The screen is an interesting element on the Fenix watch, and another item that sets Garmin’s high-end smartwatch apart from others. The non-touch screen face is an always-on full color display that Garmin likes because they say it can be read in bright sunlight, and because it prevents the dial from ever being plain and blank (which I appreciate since I really dislike blank watch dials).
How well does the screen perform? That is an important question since there are pluses and minuses with Garmin’s approach to the screen. On the plus side there is pretty good contrast and legibility, a quality always-on state, as well as relatively modest power consumption. On the down side, the screen isn’t as vivid as more energy demanding screens and it isn’t a touch-screen. Personally I was pretty happy with the screen on the Fenix Chronos given the purpose of the watch, and in particular liked how it performed outside. Though if I was to spend a lot of time looking at minor details on the screen and needed to work with the menus a lot, I would prefer something a bit more modern and brighter. I do want to mention again that Garmin includes a backlight feature, which helps you read the dial in the dark with ease.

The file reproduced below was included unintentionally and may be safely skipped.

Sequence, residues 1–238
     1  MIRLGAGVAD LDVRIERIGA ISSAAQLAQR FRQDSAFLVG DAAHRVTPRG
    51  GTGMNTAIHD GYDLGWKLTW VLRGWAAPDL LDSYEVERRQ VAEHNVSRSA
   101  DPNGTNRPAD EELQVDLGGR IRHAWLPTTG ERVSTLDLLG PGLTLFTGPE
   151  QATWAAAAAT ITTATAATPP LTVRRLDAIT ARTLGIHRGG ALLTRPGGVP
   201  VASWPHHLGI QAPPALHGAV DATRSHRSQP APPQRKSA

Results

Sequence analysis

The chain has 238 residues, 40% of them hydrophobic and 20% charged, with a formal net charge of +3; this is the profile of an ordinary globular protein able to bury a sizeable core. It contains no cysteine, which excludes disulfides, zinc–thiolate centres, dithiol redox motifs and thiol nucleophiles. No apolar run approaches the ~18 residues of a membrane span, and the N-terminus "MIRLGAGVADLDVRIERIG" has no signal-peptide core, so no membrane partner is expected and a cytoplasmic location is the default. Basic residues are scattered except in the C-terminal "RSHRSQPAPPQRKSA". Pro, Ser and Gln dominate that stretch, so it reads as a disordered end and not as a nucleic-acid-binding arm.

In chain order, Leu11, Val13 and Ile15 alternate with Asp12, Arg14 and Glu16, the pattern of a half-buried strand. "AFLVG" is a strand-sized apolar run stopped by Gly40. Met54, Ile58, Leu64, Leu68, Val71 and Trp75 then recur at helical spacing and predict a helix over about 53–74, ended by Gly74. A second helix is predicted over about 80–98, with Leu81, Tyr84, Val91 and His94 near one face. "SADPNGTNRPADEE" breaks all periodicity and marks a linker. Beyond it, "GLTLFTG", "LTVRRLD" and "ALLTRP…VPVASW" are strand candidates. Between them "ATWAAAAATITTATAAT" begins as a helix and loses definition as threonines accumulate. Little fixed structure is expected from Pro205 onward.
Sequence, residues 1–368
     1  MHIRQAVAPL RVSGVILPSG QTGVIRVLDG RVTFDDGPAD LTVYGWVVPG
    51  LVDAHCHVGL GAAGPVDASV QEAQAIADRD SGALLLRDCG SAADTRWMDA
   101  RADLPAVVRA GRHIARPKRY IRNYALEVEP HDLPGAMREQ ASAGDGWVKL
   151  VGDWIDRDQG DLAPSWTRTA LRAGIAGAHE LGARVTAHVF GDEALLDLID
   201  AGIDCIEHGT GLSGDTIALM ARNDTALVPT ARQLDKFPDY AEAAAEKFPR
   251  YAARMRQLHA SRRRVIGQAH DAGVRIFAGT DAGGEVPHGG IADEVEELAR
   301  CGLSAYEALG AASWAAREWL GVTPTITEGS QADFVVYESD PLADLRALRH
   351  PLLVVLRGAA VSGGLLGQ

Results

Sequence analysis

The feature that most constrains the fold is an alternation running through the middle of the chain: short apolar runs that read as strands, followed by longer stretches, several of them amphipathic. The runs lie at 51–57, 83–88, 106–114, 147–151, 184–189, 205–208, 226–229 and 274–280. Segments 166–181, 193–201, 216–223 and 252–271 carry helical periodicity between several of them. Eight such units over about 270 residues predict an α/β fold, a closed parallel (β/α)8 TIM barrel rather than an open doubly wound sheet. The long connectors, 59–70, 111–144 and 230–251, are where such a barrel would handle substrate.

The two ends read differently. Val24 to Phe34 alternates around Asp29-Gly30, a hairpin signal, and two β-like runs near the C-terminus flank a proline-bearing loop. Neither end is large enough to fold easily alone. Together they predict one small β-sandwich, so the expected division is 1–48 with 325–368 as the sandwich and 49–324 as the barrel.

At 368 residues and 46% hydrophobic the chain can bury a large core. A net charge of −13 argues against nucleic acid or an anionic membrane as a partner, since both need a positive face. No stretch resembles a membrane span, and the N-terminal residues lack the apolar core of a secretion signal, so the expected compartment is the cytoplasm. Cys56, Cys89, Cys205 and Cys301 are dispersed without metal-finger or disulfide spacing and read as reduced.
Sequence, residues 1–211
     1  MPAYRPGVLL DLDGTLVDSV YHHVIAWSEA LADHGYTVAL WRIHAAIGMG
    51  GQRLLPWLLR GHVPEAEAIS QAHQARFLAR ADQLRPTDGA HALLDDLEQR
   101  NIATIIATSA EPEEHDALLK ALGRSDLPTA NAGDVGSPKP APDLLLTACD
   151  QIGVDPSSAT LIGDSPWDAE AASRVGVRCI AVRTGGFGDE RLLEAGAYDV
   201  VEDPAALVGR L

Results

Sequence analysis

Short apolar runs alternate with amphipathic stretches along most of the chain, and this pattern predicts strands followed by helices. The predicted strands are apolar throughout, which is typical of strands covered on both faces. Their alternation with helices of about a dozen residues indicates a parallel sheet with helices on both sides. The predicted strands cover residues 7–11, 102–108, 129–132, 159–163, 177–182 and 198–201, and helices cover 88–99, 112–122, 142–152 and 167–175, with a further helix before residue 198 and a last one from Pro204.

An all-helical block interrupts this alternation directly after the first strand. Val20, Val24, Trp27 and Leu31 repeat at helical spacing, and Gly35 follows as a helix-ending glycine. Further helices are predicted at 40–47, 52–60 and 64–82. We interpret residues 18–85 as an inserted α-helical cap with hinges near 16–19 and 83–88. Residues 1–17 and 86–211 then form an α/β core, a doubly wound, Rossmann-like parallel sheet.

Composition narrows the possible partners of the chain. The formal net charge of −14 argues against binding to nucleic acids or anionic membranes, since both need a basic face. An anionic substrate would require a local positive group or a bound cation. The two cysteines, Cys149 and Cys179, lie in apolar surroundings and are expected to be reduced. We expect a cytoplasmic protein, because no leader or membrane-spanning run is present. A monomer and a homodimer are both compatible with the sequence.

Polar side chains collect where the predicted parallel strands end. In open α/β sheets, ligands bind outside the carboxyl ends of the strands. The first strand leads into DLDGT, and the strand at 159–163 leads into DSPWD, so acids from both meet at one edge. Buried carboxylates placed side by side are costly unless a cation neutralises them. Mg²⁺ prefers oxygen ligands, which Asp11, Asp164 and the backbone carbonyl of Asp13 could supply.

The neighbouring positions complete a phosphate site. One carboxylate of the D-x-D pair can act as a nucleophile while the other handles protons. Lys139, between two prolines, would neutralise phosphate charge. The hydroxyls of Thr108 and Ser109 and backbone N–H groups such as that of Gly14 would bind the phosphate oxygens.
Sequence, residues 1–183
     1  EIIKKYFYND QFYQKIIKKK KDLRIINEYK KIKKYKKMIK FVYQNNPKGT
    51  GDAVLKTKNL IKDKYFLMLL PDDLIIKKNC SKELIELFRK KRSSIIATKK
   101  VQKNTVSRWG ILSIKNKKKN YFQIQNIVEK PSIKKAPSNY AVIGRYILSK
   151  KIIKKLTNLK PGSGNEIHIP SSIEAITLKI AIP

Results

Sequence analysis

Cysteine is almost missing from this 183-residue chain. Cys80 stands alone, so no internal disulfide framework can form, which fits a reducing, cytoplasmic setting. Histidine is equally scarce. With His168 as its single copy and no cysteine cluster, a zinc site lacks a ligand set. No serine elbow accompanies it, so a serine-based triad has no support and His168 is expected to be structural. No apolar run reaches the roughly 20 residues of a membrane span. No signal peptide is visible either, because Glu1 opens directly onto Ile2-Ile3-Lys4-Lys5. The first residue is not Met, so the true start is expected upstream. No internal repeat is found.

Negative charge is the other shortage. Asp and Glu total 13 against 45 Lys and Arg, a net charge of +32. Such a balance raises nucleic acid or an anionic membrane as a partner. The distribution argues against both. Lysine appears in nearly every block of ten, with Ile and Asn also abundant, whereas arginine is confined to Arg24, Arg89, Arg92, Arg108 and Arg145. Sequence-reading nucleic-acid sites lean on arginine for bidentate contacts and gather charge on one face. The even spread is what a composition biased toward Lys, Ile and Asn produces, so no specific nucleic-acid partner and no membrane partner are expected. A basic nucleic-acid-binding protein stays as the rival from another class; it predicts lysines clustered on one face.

Around the face of the Fenix Chronos are three different bezel options depending on the model that you choose. The pictured model has one of two different tachymeter scales. This is probably the only “design element” on the watch which to me feels vestigial at best. Tachymeter scales look far cooler than they are, and I would bet good money that no one using a Garmin Fenix device will ever use one. This scale can only be used with an analog-style chronograph seconds hand, and is a tool to determine the speed of a moving object assuming you can reference its passage through two distance markers. Yes, its utility is vanishingly thin in today’s world.
Why then did Garmin design not one, but two different tachymeter scale options for its high-end Fenix Chronos smartwatch? I’m not really sure, save for the fact that it looked better than a clean bezel devoid of any decoration or markings. I feel that this is Garmin’s homage to traditional sport watches – a romantic theme which I generally enjoy. Though for me I would have far preferred that the markings on the bezel be more readily useful to some other function or feature on the watch. Then again, at least the scale is a bit prettier than the asymmetric screw layout on the bezels of most non-Chronos Garmin Fenix watches.